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Home / Publications / Monographs / Monograph 92: Violence, Reconciliation and Identity. The Reintegration of the Lord`s Resistance Army Child Abductees in Northern Ugand
Monograph 92: Violence, Reconciliation and Identity. The Reintegration of the Lord`s Resistance Army Child Abductees in Northern Ugand
2 November 2003

The presence and participation of children in war, as casualties and soldiers, is not a new phenomenon. Between 1998 and 2001 children were being used as soldiers in at least 87 out of 178 countries – including both conflict and non-conflict situations1. In Uganda, forced conscription of children into conflict as soldiers and combatants first gained prominence during 1980, when Museveni`s resistance force had recruited an estimated 3,000 kadogos. Uganda was chosen as a case study because of the continued abduction of children by rebel forces and the ongoing prevalence of violence against ordinary people, resulting in an increasing incidence of refugees and mass internal forced displacements. The presence of Ugandan Government military forces in Sudan is an added dimension to the regionalisation of the conflict.

In the mid- to late 80s, two successive armed opposition movements picked up the remains of decommissioned Acholi fighters from Musseveni`s resistance movement. Alice Lakwena`s Holy Spirit Movement was succeeded by a breakaway-armed group led by Joseph Kony, which emerged as the focus of military opposition to the government in the Gulu District. Like Lakwena, Kony claimed to be possessed by religious forces, which used him as a medium. In this manner he was able to create a charismo-ideological notion that gathered support and momentum. The name of the movement was changed to the United Christian Democratic Army (UCDA). This army was responsible for several thousand child abductions to bolster its ranks, as well as serious human rights abuses against civilians in Northern Uganda.

Although estimates vary, most would suggest that by the end of 2000, over 15,500 children have been abducted since the beginning of the war. Less than 6,000 of these children had managed to escape or have been liberated from captivity.2

According to the testimonies of escapees, extreme violence was used as a tool to coerce civilians into providing support and as punishment for not obeying the laws set down by the LRA. Newly abducted persons were terrorised by LRA commanders to ensure that they stayed with their captors. Moreover, senior LRA combatants systematically used sexual degradation as a form of control and authority. The UN Secretary General reported that at least 85% of girls who arrived at the Gulu trauma centre for former LRA abductees had contracted sexually transmitted diseases during their captivity.3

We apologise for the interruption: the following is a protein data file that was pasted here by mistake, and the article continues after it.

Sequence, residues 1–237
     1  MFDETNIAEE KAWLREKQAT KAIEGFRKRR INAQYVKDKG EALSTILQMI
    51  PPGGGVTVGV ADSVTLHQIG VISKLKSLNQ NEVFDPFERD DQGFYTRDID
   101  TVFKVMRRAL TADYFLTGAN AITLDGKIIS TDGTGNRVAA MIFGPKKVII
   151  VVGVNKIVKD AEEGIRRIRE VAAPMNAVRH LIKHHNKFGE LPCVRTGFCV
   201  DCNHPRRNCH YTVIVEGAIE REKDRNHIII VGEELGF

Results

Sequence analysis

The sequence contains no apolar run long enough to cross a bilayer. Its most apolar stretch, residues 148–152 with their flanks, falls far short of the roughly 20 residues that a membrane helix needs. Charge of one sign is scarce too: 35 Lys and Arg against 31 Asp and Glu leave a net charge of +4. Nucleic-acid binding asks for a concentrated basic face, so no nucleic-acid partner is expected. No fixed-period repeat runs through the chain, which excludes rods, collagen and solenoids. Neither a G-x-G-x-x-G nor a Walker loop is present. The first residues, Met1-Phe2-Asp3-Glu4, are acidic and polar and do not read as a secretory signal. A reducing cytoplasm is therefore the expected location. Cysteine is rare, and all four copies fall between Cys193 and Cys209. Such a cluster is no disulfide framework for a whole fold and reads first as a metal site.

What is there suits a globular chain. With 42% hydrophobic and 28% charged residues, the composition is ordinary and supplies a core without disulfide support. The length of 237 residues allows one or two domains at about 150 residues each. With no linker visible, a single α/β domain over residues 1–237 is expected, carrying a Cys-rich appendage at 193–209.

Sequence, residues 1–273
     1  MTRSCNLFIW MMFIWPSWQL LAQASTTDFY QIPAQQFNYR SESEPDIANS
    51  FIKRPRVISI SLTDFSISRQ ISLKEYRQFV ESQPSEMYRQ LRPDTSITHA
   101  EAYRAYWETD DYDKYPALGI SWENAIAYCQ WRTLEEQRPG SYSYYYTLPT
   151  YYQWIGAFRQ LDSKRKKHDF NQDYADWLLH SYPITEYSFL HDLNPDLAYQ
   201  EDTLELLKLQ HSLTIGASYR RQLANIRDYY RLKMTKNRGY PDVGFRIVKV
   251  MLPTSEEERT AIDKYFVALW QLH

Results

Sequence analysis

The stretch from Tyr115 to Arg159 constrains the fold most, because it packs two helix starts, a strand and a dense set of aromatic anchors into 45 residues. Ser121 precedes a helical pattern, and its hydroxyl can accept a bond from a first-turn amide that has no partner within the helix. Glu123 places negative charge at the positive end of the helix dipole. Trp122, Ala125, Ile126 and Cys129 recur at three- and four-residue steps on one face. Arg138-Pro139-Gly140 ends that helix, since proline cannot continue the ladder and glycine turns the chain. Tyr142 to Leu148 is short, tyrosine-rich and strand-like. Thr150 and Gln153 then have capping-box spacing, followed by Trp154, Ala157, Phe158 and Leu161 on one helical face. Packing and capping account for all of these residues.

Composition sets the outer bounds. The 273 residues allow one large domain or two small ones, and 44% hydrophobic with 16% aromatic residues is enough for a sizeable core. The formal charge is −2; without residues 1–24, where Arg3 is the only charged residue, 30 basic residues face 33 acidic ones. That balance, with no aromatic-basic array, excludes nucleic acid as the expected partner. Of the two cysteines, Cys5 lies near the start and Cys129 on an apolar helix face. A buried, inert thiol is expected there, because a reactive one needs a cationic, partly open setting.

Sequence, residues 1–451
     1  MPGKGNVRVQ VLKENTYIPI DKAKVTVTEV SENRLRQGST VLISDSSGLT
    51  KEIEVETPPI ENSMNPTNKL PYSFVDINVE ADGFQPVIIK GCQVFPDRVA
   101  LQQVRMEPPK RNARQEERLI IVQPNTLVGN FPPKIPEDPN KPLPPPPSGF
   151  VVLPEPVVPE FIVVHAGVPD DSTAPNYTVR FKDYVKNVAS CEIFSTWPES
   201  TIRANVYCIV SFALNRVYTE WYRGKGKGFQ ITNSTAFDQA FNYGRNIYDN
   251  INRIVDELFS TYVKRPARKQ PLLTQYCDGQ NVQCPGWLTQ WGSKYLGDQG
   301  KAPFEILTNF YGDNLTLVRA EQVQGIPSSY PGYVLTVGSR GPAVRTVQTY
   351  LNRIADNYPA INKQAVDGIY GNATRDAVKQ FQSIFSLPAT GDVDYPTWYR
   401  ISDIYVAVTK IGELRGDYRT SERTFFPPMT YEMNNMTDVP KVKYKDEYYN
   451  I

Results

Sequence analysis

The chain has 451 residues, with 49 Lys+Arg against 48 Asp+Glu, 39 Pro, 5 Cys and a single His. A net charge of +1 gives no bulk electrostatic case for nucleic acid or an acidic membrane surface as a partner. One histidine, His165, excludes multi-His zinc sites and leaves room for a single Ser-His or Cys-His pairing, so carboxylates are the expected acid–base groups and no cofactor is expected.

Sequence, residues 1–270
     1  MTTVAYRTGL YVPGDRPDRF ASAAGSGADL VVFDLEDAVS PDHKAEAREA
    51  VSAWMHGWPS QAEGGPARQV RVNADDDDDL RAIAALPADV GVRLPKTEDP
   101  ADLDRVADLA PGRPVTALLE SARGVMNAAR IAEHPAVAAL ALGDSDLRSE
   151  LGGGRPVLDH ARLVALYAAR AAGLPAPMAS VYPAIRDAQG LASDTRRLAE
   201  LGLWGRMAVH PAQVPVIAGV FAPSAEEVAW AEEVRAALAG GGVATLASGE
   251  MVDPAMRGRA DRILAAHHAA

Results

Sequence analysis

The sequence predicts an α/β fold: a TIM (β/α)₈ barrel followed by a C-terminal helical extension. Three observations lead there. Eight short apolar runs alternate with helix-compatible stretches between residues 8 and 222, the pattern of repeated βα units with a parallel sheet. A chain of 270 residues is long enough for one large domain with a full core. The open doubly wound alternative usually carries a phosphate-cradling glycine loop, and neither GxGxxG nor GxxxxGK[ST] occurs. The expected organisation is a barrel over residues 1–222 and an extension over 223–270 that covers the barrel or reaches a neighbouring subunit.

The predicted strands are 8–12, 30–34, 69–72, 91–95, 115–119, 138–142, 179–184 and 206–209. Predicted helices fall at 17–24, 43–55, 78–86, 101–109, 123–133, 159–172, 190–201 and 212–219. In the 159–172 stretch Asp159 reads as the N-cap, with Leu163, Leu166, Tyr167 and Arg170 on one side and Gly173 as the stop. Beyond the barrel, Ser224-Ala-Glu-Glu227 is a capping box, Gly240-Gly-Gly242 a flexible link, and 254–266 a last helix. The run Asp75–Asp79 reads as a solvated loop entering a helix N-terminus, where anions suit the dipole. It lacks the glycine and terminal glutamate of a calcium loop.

Psychosocial rehabilitation and reintegration programmes for youth who have escaped or were released from the LRA have been established since 1994 and are reasonably well integrated locally, both with communities and as part of the Government`s overall demobilisation and amnesty programme. While some former abductees return directly to communities, the majority pass through one of several non-governmental rehabilitation and reintegration programmes.

In spite of the culture of peace and discourses of forgiveness and reconciliation within recipient communities, there are real tensions around reintegration and reconciliation surrounding the return of ex-abductees. Experiences within the LRA may have fundamentally altered the manner in which ex-abductees function as members within a family or as constituents within a community. Community members have concerns that this may be negative, and that ex-abductees may be aggressive or violent as a result of the violence they themselves were exposed to. Teachers and community leaders noted another side to this story. Some of the children who returned were stronger and more confident than children who were never abducted and their experiences in the bush coupled with the success of escaping gave them a newfound confidence from which leadership qualities have grown.

Reintegration occurs in the context of family relationships that are conducted under a state of uncertainty and emergency. Few social services and infrastructure, no matter how rudimentary these may be, could be considered as functional. Schools have ceased to function in many areas, water supplies are constantly disrupted and transport networks are contingent on the security situation and thus unreliable. The economies have been shattered and linkages to the greater region highly disrupted, if not completely severed. Subsistence agriculture has come under pressure as people have been squeezed into ever decreasing geographical spaces as a result of voluntary or forced relocation to IDP camps or into towns. Where remnants of ‘normality` exist, they operate under conditions of extreme stress. This monograph highlights the process of reintegration of LRA abductees in this context: it may hold the seeds of future conflict or contribute to future peace.

 

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